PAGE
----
I’ve purchased and disposed of a pair of skis each year, for five years, because they were either boring, would not stop turning, or offered zero improvement to my quiver. Reading ski reviews (outside of WildSnow) hasn’t helped; most are like horoscopes — written to appeal to everyone, so they inform no one. Finding demos at the right length and model is equally frustrating.
So when given the chance to design my own skis, I hoped my plight would end. This series of posts will cover my attempt to build the perfect all-around backcountry boards, with Folsom Custom Skis out of Denver, Colorado.
I’ve skied for a half-century, mostly in the Colorado backcountry. I’ve been searching for what I call the definitive “Silverton ski,” big mountain fall-line rippers that cut through multiple snow transitions and the worst conditions, that dance down steeps with short or broad turns. For this part of my quiver, I am willing to give up reduced weight for performance. The list of skis I’ve bought or tried that failed to meet these requirements would fill this blog and perhaps induce dozens of industry lawsuits.
So it dawned on me: making two or more bad ski purchases — at going rates — means that custom boards will pay for themselves — IF they work. (Haven’t yet tested this narrative on my wife, but I digress.)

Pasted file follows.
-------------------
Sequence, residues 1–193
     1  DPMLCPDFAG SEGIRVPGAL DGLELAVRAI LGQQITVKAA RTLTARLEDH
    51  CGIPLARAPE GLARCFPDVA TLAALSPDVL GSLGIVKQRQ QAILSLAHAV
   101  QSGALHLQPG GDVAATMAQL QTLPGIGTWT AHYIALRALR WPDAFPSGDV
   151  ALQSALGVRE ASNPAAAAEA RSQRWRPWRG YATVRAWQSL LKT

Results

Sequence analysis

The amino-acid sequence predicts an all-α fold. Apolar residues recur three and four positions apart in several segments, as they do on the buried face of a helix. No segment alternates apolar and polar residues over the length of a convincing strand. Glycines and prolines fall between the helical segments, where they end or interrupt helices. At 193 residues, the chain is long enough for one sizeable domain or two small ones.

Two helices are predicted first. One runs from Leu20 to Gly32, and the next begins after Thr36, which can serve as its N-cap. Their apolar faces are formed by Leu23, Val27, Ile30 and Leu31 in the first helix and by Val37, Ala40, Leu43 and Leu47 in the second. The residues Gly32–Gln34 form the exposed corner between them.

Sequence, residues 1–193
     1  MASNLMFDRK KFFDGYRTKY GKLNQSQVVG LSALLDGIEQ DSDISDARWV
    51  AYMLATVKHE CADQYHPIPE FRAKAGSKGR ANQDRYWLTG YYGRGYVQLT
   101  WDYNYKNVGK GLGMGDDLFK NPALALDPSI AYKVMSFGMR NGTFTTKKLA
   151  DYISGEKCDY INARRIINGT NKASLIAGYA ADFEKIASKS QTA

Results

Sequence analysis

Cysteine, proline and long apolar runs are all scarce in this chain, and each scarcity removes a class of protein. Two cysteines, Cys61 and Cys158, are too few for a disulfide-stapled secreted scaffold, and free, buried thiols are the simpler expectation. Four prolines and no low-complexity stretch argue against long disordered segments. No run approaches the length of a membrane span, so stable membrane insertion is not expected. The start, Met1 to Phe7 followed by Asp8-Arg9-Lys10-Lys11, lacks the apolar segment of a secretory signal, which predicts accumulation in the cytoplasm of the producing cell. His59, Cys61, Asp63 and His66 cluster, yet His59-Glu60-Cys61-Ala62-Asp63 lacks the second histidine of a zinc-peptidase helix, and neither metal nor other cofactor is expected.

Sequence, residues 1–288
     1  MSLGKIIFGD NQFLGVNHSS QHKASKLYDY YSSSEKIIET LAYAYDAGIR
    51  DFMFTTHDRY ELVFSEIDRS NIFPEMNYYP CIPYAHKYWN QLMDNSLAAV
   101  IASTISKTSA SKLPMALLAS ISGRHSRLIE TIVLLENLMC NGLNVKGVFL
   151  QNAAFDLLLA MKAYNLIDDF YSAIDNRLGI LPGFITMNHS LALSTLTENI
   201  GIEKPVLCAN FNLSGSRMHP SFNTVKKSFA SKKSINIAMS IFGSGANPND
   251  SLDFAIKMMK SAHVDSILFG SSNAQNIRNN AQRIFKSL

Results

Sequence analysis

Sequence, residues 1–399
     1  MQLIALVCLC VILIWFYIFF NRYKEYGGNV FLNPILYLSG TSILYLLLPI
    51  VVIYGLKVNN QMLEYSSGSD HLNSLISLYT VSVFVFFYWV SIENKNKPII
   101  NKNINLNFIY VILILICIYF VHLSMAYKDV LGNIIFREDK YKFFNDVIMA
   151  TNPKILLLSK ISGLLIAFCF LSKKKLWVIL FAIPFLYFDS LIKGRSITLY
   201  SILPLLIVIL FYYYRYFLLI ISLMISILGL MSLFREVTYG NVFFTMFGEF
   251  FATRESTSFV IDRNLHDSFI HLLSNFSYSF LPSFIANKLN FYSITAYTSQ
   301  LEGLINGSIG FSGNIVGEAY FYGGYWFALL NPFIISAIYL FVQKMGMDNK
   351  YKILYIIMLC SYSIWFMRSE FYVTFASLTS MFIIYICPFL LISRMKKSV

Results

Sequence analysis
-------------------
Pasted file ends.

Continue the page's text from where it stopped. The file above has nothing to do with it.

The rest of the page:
To bolster my chance of success with the custom skis process, I drafted a brief for Mike McCabe, CEO and chief technology officer at Folsom. I wanted him to know all my ski biases, physical limitations and requirements. This aided the design process as we dug into details and concepts during our three-hour debrief at the manufacturing lab in Denver.
When I met with Mike, a few things worried me. I expected McCabe wouldn’t relate to my experience dating back to straight skis. Since McCabe’s crew comes from free-ride, I anticipated being steered to fatties, but mostly, I was concerned about enduring rockered shapes I did not feel I needed. Turns out I was worried about nothing. The Folsom process schooled me in ski engineering, and revealed why some off-the-rack skis won’t work for me.
Next installment: Ski Design, Engineering and Construction. Stay tuned.
(WildSnow guest blogger, Mark Gibson, learned how to ski in the AK Chugach when Cubco bindings and Head 360’s were state-of-the-art. He can often be found skiing with his dogs in Colorado’s backcountry.)